Apple has been in talks with music labels about launching a streaming music service that would compete against services like Google Play Music All Access, Spotify, and Pandora. Apple wanted to roll out the streaming music service this summer, but some of the details that they are trying to figure out with Sony Music is how much Apple would pay for songs that people listen to for a short period of time and then skip, according to sources with CNET. There are also other issues in the negotiations.
Apple’s streaming music service reportedly will have the ability to rewind a song and skip to the next after listening to part of it. Last week Apple made an agreement with Universal Music Group and is finalizing a deal with Warner Music Group added CNET’s sources.
Executives at Universal Music and Warner Music are reportedly frustrated with Sony Music’s skipping issue because they see Apple’s free radio service as a major opportunity and want to help Apple get it launched. Apple’s service reportedly has two other streams of revenue, which is projected to generate more revenue than Pandora. This includes a way for users to purchase a song that they are listening to and advertising revenues through the company’s iAd services.
Apple’s approach to dealing with the music labels is different than what Pandora is doing. Apple is making direct deals with the labels rather than having terms set by federal statutes. The music labels dislike federal statutes because it makes them less money and limits Pandora’s ability to expand. Pandora is only available in the U.S., Australia, and New Zealand, but Apple has plans to roll out in at least 12 countries upon launching.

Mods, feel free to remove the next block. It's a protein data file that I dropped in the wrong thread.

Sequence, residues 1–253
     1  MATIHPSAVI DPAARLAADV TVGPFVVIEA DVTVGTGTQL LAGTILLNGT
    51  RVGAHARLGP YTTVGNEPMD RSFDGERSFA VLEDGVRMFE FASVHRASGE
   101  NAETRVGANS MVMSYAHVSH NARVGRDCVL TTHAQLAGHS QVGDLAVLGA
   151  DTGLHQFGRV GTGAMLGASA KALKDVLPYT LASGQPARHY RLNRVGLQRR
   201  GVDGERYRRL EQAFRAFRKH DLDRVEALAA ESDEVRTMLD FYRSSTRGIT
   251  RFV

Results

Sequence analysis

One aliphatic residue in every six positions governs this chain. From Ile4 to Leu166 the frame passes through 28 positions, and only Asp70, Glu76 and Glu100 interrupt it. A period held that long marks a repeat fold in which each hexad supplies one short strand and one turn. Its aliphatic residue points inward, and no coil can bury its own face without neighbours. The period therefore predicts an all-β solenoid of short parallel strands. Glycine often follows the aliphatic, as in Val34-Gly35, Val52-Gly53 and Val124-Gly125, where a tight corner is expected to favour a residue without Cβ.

Pandora’s song-skipping limits are set under the 1996 Digital Millenium Copyright Act. Free Pandora accounts are allowed six skips per station per hour for up to 12 total skips per day across all of their stations. Pandora has to pay the full royalties for the song even if it plays just for a few seconds.
Sony Music wants better terms than what they are getting from Pandora. If Apple allows Sony to get better terms, then they would likely have to renegotiate with Warner Music and Universal Music. Apple has similar deals in place with labels and publishers in place already where rights holders are paid 70% of every dollar that it brings in. Sony Music head Doug Morris believes that in the past they have made bad deals with Apple so it is likely that they are not willing to concede on many issues.